Shabazz Palaces’ Ishmael Butler (aka Palaceer Lazaro) has always used fantasy and fiction to make salient observations about the real world we inhabit. As Butterfly from the ‘90s conscious rap group Digable Planets, he used psychedelic poetics to promote progressive values such as a woman’s right to choose. As Butler matured and evolved as a lyricist over the past two decades, his work became less literal and more literary. His imaginary world grew noticeably richer and his sonic palette, more experimental.
Shabazz Palaces’ new, two-album drop on Sub Pop Records, Quazarz: Born on a Gangster Star and Quazarz vs. the Jealous Machines, exemplifies this evolution and builds on it to fascinating effect. The project is a work of Afro-futurist science fiction, born of Octavia Butler’s novels and Sun Ra’s astral jazz. The two albums tell the tale of Quazarz, an intergalactic emissary sent to earth to interact with its locals by way of music. He emerges with observations about hip-hop’s evolution from boom-bap to mumble rap, race in America and our collective dependence on technology.
The Quazarz backstory is explained on the Sub Pop website. But, however interesting, it’s not as readily apparent on the two albums as its press materials make out to be. Gangster Star, offers a rich fabric of gorgeous, reverb-laden sound, the work of the other Shabazz Palaces member, multi-instrumentalist Tendai “Baba” Maraire, as well as a handful of musicians including Thundercat and Thaddillac. Their compositions build from lo-fi fuzz to improvisatory jazz drumming to driving funk. The album’s engaging musicianship makes Quazarz’s story feel cinematic the way a film score enhances a plot, especially with its psychedelic instrumentals like “Déesse Du Sang” and “The Neurochem Mixalogue.”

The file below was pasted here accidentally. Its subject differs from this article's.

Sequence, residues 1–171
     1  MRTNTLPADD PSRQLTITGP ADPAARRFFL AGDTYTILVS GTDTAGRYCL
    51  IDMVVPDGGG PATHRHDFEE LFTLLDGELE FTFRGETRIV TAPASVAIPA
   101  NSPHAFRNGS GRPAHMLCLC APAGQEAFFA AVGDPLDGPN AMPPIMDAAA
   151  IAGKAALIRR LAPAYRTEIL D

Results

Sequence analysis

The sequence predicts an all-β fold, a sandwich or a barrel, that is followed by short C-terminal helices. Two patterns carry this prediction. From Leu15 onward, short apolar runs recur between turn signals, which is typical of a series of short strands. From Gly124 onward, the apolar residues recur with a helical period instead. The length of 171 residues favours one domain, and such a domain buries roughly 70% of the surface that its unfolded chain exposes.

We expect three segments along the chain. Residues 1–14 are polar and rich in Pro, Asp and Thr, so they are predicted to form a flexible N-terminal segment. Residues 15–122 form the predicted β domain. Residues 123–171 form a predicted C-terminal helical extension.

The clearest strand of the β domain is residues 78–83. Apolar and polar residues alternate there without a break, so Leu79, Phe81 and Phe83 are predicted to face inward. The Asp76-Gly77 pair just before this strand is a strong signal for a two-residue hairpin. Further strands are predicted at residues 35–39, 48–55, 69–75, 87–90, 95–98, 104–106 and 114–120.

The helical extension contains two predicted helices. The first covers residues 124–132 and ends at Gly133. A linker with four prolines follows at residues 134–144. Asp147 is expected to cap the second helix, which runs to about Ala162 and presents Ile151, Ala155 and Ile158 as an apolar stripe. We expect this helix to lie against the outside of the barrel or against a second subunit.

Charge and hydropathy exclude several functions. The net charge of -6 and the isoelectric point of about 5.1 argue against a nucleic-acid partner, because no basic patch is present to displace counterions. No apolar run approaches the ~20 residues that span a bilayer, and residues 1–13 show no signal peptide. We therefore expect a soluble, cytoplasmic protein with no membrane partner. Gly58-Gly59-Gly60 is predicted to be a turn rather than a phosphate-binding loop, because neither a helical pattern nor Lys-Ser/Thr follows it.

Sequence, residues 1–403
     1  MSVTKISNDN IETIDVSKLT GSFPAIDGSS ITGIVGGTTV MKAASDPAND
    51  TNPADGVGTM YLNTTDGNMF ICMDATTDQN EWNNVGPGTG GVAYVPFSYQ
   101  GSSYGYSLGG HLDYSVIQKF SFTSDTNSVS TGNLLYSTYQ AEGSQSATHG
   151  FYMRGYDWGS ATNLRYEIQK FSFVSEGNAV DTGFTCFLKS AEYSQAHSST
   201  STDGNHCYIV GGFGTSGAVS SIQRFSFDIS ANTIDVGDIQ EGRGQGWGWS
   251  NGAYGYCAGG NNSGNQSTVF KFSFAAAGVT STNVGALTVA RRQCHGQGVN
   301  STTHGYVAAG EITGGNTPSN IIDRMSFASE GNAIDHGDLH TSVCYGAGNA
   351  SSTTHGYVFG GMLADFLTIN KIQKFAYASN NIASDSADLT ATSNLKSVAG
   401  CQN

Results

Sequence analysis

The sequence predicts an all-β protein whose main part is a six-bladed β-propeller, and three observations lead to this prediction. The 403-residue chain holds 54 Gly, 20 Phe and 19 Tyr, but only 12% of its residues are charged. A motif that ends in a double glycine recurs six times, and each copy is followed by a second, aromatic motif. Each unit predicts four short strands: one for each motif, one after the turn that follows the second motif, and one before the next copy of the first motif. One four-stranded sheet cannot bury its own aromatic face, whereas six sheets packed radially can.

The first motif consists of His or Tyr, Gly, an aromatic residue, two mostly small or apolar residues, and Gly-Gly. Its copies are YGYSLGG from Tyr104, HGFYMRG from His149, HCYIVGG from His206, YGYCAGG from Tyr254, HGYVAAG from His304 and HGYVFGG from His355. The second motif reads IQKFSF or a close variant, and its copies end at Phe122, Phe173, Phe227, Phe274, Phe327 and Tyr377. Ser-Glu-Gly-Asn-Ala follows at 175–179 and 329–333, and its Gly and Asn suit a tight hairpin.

While Gangster Star is more about vibes than lyrics, Butler gets much more opinionated on Jealous Machines. On the opening track, “Welcome to Quazarz,” he riffs about “followers following, leading nowhere” and “moving targets for the markets.” Throughout Jealous Machines, Butler professes an anxiety over our society’s increasing digitization and shifting values. His weariness also extends to the changing tides in hip-hop. On “30 Clip Extension,” he calls out “your favorite rapper” with a series of scathing descriptions that critique the so-called “Soundcloud rap” wave: “his jaws clenched in a Xanax glow,” “fashioned by an unseen hand,” “a chauvinist with feminine vanities.”
Butler’s disgruntled observations sometimes make him sound like a ‘90s hip-hop purist, but his forward-thinking album concept and execution prove that he’s definitely not stuck in the era of his coming-of-age. Both installments of Quazarz attest to Shabazz Palaces’ inventiveness and imagination, and reveal new layers upon each listen. After all, creative thinkers like Butler and Maraire often do feel like aliens stuck on earth.